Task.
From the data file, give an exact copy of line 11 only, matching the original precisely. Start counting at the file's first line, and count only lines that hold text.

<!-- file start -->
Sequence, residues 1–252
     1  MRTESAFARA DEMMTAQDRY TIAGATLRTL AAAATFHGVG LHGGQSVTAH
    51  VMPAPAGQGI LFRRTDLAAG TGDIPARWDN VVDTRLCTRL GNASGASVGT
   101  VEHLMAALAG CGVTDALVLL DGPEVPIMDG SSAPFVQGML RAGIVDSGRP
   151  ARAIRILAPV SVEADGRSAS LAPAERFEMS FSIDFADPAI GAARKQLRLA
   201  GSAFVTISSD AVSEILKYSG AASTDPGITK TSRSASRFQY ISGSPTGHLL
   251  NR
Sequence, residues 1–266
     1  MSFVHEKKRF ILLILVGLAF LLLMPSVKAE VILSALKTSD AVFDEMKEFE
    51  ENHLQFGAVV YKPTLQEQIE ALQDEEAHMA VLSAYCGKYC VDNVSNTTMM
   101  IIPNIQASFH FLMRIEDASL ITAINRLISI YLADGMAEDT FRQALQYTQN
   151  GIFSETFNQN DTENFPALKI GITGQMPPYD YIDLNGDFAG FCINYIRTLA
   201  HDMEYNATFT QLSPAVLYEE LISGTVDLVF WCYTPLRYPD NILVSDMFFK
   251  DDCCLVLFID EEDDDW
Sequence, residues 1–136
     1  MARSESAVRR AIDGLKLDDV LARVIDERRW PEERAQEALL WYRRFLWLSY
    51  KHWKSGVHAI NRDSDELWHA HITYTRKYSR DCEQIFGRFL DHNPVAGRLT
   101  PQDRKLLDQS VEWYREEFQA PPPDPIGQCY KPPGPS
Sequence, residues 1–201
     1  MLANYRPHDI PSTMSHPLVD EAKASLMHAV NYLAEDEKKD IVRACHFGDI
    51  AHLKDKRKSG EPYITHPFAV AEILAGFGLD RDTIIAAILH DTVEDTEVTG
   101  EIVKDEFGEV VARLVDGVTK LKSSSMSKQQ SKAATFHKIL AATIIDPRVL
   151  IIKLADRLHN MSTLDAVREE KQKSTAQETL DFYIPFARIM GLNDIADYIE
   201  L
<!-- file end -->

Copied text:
   101  IIPNIQASFH FLMRIEDASL ITAINRLISI YLADGMAEDT FRQALQYTQN